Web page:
Rapid developments in the highly pathogenic avian influenza (HPAI) situation in France have led the agriculture ministry to raise the disease alert level from “low” to “moderate” at the end of last week. As a result of rising mortalities in both commercial poultry and wild birds, preventative measures will be reinstated. 

During the summer, cases dwindled to lower levels although — unlike in previous years — new cases continued to be reported in France over those months. In recent weeks, deaths of wild birds have risen to “several hundred,” the ministry reports, even before wild bird migrations reached their seasonal peak. 

Of particular concern are the 18 confirmed outbreaks on French poultry farms since August (as of September 29). Affecting birds in 11 departments, these indicate the persistence of the H5N1 HPAI virus serotype in the environment, according to the ministry. 

Last week, the European Commission approved payment of EUR15.4 million (US$15.1 million) in state aid from the French government to poultry farmers impacted by HPAI during the 2022-2023 season.  

Frances introduces new disease control zone

Among the new control measures in place in France are a requirement to house poultry in high-risk areas. This covers wetlands, and those crossed by migration corridors, particularly for waterfowl such as ducks and geese in areas of high poultry density. 

Furthermore, testing of farmed waterfowl is being ramped up in these areas.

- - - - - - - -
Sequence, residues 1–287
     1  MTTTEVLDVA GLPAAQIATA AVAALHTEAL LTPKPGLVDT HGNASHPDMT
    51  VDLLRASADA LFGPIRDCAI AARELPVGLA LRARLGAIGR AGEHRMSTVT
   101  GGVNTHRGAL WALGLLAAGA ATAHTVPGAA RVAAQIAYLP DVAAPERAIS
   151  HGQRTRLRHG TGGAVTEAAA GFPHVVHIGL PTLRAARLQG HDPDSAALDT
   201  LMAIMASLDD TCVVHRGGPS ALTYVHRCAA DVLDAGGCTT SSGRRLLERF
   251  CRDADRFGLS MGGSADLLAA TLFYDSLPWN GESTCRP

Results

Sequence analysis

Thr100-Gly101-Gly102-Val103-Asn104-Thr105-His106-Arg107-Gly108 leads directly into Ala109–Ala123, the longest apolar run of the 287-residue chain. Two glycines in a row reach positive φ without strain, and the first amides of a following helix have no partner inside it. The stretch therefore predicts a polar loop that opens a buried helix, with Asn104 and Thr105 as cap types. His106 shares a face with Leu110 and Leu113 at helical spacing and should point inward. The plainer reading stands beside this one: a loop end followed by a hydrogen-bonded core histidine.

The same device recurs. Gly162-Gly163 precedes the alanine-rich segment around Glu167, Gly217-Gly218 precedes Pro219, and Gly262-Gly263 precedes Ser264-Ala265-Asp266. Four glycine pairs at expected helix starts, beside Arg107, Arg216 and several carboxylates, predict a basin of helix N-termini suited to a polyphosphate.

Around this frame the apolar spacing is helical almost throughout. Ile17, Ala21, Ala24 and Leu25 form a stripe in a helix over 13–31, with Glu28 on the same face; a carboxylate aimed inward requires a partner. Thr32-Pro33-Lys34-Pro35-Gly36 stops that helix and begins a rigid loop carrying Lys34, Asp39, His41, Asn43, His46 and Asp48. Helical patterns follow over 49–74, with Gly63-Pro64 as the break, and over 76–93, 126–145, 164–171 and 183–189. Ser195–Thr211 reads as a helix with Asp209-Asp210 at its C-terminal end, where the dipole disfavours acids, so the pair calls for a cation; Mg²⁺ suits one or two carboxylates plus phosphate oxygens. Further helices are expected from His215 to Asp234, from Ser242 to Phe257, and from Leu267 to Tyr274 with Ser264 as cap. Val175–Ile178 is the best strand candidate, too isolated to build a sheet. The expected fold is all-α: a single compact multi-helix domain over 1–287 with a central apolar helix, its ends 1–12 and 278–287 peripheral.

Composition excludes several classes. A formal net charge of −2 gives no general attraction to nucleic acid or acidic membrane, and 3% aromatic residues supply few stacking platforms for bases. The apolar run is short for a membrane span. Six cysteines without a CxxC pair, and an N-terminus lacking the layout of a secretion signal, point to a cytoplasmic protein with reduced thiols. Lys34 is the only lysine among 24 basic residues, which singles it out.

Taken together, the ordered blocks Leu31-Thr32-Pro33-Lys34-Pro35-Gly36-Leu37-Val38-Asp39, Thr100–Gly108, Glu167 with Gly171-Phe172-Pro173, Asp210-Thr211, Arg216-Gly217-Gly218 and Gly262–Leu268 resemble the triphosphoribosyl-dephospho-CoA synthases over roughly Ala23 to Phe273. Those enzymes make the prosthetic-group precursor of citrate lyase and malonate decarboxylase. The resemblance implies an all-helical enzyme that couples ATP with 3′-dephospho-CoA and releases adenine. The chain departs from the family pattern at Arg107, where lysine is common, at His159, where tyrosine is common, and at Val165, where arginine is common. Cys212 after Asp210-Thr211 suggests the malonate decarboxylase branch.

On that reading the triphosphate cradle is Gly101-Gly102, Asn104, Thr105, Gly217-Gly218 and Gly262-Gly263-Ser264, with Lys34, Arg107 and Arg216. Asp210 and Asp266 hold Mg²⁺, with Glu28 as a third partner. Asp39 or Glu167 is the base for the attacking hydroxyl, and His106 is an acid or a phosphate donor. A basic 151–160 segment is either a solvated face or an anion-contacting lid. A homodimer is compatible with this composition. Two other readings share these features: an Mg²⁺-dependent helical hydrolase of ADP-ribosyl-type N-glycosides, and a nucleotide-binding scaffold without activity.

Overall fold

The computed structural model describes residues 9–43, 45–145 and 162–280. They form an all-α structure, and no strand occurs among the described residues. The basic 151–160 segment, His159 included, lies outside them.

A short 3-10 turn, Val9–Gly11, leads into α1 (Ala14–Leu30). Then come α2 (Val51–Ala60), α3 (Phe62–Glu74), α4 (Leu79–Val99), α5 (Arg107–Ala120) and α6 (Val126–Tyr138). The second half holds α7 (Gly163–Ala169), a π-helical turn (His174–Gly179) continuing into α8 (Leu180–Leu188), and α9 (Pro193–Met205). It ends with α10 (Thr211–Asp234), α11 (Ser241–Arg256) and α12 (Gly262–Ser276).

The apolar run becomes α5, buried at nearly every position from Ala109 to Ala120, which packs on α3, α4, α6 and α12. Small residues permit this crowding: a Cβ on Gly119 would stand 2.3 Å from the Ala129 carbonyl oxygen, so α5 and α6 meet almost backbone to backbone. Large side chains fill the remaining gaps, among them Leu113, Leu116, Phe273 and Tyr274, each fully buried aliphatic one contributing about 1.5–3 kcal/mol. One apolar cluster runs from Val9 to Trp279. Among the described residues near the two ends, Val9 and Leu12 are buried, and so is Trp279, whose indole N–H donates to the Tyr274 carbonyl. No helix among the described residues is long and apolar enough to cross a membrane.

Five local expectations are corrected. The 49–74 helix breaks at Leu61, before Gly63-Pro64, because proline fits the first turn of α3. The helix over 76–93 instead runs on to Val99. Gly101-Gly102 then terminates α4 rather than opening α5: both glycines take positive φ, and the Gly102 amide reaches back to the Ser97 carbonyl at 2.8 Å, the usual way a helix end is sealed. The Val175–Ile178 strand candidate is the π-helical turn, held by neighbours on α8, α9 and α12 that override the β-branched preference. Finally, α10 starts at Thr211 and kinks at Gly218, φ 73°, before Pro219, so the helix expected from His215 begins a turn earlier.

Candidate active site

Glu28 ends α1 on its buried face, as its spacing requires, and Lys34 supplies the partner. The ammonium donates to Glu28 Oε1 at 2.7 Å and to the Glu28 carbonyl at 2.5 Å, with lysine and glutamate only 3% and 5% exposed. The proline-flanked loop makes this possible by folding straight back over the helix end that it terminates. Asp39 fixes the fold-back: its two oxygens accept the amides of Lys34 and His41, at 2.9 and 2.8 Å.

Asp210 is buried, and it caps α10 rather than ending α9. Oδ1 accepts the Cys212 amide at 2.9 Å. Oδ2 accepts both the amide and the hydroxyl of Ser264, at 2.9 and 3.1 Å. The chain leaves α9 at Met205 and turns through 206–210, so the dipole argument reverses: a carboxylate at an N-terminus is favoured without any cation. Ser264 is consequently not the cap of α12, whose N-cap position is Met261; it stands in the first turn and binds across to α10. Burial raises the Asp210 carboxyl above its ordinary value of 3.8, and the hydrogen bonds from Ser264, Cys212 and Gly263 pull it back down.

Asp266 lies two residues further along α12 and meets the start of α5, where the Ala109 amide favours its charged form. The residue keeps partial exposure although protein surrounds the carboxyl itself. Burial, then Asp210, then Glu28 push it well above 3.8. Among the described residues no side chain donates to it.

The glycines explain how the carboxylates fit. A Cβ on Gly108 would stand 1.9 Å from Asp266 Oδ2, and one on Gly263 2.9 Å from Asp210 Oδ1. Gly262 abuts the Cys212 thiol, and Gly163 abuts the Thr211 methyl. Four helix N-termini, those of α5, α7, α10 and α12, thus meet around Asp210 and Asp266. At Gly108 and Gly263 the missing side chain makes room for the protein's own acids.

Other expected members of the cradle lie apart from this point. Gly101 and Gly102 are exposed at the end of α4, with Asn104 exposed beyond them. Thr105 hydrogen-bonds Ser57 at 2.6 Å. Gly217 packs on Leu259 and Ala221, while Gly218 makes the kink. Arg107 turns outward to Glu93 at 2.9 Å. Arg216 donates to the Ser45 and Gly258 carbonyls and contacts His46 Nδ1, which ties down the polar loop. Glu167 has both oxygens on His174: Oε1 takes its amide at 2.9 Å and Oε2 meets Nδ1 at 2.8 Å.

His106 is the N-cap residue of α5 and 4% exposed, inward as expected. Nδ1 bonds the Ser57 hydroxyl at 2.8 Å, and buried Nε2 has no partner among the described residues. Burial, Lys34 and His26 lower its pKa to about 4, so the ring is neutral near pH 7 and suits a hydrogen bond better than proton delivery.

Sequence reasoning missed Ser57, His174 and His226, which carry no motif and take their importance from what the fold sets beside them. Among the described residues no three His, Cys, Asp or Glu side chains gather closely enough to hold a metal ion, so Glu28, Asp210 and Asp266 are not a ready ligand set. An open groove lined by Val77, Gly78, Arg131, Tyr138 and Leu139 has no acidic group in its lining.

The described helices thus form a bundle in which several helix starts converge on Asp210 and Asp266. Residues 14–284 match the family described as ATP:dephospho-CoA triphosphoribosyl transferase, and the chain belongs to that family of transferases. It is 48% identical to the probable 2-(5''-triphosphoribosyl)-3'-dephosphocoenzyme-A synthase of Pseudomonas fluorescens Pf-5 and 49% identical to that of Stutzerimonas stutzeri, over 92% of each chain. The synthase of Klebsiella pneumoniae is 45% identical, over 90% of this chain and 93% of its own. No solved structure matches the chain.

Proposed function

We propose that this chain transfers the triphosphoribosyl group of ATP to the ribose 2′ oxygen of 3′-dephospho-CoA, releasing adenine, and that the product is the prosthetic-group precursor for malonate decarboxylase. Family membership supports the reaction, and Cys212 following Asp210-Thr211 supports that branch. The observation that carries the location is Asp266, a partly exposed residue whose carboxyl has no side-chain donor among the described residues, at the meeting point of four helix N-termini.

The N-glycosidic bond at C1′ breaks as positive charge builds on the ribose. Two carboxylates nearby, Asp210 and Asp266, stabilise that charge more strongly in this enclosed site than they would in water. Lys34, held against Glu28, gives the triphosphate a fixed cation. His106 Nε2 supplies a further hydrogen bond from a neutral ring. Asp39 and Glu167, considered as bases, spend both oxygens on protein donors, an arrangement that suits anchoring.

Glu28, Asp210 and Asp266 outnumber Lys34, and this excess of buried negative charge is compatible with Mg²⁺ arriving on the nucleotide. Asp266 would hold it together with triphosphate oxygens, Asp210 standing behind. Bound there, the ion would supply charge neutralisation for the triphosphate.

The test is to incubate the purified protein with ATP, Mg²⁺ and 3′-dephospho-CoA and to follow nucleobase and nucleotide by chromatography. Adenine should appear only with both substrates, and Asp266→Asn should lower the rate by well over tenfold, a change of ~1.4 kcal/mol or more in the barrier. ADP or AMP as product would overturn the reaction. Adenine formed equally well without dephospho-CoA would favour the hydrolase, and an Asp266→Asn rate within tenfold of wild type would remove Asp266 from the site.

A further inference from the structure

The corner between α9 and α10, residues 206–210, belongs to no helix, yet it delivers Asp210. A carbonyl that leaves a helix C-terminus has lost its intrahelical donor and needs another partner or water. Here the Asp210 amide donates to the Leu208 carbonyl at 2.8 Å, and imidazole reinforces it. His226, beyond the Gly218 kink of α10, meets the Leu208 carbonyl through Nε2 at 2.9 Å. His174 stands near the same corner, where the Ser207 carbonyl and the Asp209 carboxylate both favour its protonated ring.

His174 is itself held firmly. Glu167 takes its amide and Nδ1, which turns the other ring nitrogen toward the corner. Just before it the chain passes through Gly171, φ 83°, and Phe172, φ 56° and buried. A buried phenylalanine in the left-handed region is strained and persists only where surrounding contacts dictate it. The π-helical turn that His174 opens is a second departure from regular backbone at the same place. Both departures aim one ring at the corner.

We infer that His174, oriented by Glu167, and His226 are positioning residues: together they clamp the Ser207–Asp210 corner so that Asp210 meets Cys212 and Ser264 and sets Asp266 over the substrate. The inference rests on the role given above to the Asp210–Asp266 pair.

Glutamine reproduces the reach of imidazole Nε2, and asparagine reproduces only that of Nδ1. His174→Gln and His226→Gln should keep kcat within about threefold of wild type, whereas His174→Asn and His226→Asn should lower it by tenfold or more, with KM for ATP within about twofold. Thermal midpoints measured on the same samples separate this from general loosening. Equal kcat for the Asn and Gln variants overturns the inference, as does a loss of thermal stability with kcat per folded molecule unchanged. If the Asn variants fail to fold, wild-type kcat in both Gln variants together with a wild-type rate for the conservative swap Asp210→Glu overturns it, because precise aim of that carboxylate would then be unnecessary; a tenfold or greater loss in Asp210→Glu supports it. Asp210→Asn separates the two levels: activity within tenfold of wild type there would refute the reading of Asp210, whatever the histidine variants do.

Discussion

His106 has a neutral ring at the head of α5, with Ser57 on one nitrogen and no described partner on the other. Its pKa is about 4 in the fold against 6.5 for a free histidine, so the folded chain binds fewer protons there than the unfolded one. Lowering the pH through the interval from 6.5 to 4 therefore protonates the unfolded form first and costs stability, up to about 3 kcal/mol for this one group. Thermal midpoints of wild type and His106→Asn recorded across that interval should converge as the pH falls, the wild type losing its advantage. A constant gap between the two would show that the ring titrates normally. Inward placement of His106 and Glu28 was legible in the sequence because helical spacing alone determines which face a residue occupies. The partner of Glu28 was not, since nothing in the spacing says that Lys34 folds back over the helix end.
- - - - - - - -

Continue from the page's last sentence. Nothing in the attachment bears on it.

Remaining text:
In addition to the 3-km protection zone and 10-km surveillance zone around each outbreak, there will be additional requirements within a 10-20-km radius of an outbreak. In this area, poultry will need to be confined, regularly checked for HPAI. In addition, placement of birds will only be allowed after the premises passes a biosecurity audit.

Following confirmation of an outbreak, hunting activity in the area will be restricted. 

Last but not least, a 20-km temporary control zone will be effected around any HPAI case in wildlife. Within this area, poultry must be confined, and additional HPAI testing carried out. 

Since the first cases of HPAI in France in November of 2021, 1,393 outbreaks linked to the H5N1 virus variant have been reported officially to the World Organisation for Animal Health (WOAH). Directly impacted have been more than 16 million commercial poultry, as well as over 2,000 backyard birds and 1,000 wild birds.

Over the past three weeks alone, 10 farm outbreaks impacting more than 198,000 birds have been confirmed to WOAH by the French veterinary body.

Western European nations see rising HPAI cases in poultry

The early start to the HPAI season is not only a concern in France. 

Over the past three weeks, eight new outbreaks involving a total of over 400,000 poultry have been reported to WOAH by the Netherlands.

In the German state of Lower Saxony, almost 87,000 poultry have been impacted in four new outbreaks.